Weekend Questions: Injured! What to do?

Q: Hey Rich and Gary! I recently had my spring break and decided to take the week off from the gym after reading a few bits online about how taking rest weeks are actually good for your body. Plus, it was spring break. Why not! However, when I came back, I thought I had enough in my body to do the same amount of weight I was lifting prior to the break. Unfortunately, I ended up hurting my back while doing bench press (it is due to the back arc I created). What am I supposed to do? I did finish that workout, though I felt much more limited and had a little bit of pain.

Before we answer this excellent question, we want to apologize for the lack of content. Gary has not been active for a few weeks now due to him spending time with his wonderful family, but I also need to carry the load more. Our readers expect quality content, and we should provide for them. With that said, we are still trying to push as much good, informational, and helpful fitness/health/well-being articles for you guys to gloss over.

All of that is finally out of the way. Let’s begin to answer the question:

I injured myself at the gym. What now?

Well, for our reader, the first thing we have to say is that you made a terrible decision to continue your workout after hurting your back. We will assume you were doing chest day or otherwise a full upper-body day. Whatever it may be, you absolutely used your back for the rest of the workout and risked injuring yourself further. It isn’t anything to be ashamed of, as many people make that mistake, but we need to get it straight with you: do not do any more work if you feel a sharp, stingy-like injury anywhere in your body. It could be a minor tear, and lifting after the fact will only further that injury.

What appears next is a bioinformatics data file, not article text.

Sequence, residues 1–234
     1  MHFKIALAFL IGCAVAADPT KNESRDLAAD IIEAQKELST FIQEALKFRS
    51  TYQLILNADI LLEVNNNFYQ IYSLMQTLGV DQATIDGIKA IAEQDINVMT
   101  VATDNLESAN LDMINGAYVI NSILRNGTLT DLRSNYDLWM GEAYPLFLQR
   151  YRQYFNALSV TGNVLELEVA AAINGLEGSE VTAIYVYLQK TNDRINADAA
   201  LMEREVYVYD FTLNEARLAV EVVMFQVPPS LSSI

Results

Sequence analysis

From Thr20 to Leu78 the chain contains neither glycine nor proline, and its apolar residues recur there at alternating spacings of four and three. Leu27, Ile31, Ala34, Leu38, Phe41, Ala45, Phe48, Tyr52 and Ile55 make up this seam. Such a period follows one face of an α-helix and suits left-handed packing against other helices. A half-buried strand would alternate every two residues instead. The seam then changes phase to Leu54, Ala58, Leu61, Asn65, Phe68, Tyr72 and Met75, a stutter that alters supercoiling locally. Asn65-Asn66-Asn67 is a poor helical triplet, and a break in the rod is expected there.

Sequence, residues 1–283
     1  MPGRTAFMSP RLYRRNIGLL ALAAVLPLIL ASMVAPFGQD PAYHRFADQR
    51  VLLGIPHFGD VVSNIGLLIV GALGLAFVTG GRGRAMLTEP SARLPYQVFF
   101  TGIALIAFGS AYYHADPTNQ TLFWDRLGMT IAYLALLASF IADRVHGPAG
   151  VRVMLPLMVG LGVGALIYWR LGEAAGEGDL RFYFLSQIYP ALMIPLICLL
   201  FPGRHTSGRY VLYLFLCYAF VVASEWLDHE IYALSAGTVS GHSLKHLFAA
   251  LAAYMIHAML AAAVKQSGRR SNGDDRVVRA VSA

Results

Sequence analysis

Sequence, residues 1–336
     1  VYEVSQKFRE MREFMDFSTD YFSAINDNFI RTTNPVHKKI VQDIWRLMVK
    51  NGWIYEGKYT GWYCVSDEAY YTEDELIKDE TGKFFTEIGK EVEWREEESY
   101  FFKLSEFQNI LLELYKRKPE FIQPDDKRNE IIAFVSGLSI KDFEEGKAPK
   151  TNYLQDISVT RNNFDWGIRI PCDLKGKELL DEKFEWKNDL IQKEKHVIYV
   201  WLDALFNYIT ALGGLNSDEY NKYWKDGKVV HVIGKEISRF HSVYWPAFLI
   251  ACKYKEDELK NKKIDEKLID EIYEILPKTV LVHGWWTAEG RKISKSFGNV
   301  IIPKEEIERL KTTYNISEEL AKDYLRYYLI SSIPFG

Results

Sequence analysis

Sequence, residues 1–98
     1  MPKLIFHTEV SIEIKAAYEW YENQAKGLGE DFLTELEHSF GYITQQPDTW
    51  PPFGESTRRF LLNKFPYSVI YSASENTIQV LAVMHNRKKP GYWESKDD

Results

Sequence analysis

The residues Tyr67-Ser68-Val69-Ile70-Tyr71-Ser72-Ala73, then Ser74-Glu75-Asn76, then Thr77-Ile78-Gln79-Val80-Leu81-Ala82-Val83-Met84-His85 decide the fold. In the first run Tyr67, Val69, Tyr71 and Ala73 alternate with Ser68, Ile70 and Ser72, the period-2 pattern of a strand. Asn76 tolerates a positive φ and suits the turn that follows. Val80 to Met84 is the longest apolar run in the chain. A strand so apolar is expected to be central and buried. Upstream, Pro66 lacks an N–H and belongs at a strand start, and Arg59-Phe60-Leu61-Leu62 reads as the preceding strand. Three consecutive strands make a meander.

None of that matters now, though. You are injured. This means you cannot hit the gym. Point blank period. I am unsure the specific details of your injury, as only you could provide that, but it sounds like it affects your lifting significantly if you were able to feel it. You need a break from the gym. I know it sounds ridiculous to take more time out, but I assure you that taking this time to rest is much more beneficial than any time you would have spent in the gym. It just is not worth it.

The way I see it, you may be out a couple of weeks. You are very likely not going to be making enough progress with lifting to make the trip to the gym worthwhile in that span, at least considering the injury. Take the time to rest. If anything, you should be able to do cardio a week or so into your resting period. This will offset the feeling that you are wasting your time, which I am sure many of our readers get. Do some light cardio, but most importantly listen to your body. If you are receiving negative signals from your body, like unusual body aches or soreness after exercise, rest it a bit more as it is not ready for the work you are putting in.

You should only be lifting after your body feels completely fine. Keep listening to it and make effort to see where it is at. Do some light stretching to see if the pain is still there. While you’re at it, I recommend doing the same body movements you use to life (ie. pretend you are bench pressing without the bar) just to test out your range of motion. If you still feel anything there, as a rule of thumb, it is best to rest even more.

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